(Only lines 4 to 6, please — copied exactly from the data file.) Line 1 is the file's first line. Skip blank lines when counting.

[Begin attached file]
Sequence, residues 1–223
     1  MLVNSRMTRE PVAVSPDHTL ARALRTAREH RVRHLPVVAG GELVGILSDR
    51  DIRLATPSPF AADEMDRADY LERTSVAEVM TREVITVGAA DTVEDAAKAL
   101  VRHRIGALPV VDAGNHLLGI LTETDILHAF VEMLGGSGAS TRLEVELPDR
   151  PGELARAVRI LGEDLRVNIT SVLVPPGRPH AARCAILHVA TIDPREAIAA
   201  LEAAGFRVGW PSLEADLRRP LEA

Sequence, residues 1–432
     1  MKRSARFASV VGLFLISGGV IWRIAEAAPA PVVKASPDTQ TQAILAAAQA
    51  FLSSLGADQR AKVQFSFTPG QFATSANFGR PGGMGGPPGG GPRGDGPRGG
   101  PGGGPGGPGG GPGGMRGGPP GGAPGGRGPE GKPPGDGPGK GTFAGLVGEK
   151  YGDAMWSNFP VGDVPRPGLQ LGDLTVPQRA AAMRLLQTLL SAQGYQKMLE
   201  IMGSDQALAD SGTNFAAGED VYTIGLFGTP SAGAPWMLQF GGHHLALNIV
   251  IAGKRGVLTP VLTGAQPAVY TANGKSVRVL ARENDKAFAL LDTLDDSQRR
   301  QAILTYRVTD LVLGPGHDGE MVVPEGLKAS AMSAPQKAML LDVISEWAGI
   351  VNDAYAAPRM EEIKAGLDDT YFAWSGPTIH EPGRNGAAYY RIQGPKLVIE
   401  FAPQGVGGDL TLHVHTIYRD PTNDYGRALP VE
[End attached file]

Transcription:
   101  VRHRIGALPV VDAGNHLLGI LTETDILHAF VEMLGGSGAS TRLEVELPDR
   151  PGELARAVRI LGEDLRVNIT SVLVPPGRPH AARCAILHVA TIDPREAIAA
   201  LEAAGFRVGW PSLEADLRRP LEA